Here are some of his important "underlying" numbers:
At first glance, I see increasing defensive responsibility for the young Swede, coupled with superior possession play. Backstrom may have topped out his offense, more-or-less, but with his ever-improving defensive play I think he may age like Saku Koivu (who, this last year at 36, was still taking tough assignments, along with Selanne), but with a bit more offense. If Backstrom and Ovechkin age like that, I'll be ecstatic.
It is a little troublesome to see how he seems at the mercy of his teammates and the percentages on the power play. I guess Jacques Martin had it right--the Caps' PP does truly revolve around Ovechkin.
And rolling Corsi segments, 10 games each in length:
Apologies on the messed-up x-axis scale. They are the segment-ending game numbers, 1 to 81 (the game sheet for the shutout win over Carolina early in the season for whatever reason wasn't published online).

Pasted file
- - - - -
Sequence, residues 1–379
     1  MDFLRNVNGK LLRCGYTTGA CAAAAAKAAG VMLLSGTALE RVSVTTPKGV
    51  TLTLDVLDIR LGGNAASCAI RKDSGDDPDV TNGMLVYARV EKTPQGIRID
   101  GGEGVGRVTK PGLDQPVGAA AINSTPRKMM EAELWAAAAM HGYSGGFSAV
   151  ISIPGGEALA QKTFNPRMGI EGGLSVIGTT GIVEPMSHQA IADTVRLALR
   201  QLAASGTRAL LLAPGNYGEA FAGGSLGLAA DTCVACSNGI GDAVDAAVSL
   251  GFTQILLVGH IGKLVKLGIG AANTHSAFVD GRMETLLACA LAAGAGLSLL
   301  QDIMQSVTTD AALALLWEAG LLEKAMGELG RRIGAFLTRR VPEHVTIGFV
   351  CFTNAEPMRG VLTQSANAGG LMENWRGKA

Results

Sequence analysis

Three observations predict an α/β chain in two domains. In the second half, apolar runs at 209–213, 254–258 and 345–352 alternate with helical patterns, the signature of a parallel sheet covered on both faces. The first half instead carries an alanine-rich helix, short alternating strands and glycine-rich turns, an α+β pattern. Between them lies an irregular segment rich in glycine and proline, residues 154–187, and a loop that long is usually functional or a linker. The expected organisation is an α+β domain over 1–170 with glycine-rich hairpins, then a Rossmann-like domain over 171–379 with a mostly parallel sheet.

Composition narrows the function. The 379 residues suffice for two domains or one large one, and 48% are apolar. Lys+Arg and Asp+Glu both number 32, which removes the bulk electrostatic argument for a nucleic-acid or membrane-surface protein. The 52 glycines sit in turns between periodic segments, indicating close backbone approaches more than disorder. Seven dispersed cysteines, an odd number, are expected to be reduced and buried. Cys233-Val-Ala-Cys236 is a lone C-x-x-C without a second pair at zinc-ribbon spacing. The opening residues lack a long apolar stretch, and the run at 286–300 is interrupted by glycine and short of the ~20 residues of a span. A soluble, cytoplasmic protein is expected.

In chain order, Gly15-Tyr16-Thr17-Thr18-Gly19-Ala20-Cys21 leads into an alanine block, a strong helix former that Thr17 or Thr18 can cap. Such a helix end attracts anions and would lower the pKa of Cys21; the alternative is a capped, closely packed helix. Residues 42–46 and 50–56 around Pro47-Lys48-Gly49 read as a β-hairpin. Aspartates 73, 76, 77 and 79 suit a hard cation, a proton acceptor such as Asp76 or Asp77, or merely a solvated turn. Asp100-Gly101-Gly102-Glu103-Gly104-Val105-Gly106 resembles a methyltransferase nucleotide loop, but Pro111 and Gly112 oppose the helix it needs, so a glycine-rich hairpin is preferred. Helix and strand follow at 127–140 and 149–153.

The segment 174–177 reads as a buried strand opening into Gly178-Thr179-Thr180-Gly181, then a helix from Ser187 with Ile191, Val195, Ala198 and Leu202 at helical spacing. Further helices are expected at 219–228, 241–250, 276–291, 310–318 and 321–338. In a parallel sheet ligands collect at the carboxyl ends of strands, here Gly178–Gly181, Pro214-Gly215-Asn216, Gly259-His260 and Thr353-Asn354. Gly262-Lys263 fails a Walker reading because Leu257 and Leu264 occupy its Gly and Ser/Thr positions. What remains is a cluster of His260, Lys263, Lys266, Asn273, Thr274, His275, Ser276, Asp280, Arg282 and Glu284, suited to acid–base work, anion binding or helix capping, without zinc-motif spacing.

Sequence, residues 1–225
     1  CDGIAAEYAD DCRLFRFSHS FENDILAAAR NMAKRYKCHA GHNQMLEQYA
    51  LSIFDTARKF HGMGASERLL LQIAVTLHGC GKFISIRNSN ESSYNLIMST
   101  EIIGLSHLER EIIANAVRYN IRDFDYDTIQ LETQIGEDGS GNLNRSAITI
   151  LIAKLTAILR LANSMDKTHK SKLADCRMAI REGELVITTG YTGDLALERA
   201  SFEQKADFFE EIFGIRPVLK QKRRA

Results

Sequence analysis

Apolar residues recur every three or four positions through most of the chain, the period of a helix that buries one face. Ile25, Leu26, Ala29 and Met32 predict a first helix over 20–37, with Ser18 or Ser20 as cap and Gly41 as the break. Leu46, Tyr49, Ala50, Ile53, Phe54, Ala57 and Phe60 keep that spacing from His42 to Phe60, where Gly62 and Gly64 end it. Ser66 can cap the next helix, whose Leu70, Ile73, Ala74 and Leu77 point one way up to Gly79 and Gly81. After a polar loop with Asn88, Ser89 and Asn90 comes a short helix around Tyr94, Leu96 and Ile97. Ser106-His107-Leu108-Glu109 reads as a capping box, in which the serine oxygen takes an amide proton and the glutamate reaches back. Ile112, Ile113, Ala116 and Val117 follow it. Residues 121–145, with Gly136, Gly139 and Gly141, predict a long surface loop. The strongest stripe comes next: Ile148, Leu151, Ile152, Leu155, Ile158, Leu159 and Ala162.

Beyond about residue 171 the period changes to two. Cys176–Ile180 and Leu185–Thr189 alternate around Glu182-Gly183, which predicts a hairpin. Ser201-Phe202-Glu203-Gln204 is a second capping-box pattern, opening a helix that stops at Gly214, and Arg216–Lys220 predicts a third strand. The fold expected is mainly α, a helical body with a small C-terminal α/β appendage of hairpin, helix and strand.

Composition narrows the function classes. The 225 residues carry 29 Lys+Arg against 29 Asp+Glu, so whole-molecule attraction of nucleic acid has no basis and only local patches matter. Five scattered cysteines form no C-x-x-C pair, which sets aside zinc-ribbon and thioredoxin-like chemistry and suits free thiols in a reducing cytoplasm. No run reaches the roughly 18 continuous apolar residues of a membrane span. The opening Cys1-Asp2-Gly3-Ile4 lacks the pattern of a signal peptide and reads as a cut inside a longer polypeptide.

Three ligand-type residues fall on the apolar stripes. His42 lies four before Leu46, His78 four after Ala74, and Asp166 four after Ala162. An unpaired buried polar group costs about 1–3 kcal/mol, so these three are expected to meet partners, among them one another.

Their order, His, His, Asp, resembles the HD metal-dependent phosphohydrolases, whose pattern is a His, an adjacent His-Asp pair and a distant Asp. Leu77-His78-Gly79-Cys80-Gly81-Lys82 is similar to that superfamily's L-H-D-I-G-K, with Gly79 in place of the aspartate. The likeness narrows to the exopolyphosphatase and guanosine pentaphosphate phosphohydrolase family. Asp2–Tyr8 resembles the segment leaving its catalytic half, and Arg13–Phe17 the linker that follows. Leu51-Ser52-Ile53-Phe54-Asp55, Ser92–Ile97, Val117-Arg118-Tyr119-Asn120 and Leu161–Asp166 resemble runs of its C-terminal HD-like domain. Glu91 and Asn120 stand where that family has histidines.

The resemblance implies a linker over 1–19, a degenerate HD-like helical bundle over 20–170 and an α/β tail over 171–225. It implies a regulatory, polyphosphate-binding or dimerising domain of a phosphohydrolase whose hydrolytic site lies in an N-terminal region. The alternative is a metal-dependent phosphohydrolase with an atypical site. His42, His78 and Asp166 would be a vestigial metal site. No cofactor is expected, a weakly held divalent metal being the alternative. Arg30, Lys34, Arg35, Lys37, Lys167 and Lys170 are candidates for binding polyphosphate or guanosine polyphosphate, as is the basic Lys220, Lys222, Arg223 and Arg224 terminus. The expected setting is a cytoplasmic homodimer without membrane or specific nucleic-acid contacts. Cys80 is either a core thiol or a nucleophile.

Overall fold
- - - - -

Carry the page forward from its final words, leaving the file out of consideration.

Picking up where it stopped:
We can see that in the middle of the season and towards the end were when Backstrom was strongest. In the middle of the season, though, we likely have score effects inflating Backstrom's ratio--he'd see a lot of ice time with the Caps trailing, which would be often when you lose 8 in a row--whereas score effects have the opposite effect at the end, deflating Backstrom's numbers. He fell off a bit around Game 70, which is around the time of his thumb injury.
Perhaps surprisingly, perhaps not, the Caps as a team had their strongest possession weeks before the system change, and despite Backstrom (and likely Ovechkin as well) not exactly dominating territorially (I think much of the Caps' success can be attributed to their newer defensive look, which teams were not prepared for, and more favorable percentages). The aggressive "run-and-gun" seemed to deteriorate over time, on the other hand...next season Boudreau will truly test Boudreau's mettle in terms of making adjustments, as other teams have now had the time to prepare for every look he's given them.
On a side note, the Caps' Fenwick and scoring chance ratios look stronger than Corsi ratios. The Caps went on a tear post-deadline in Fenwick. I just opted for the larger-sample Corsi metric.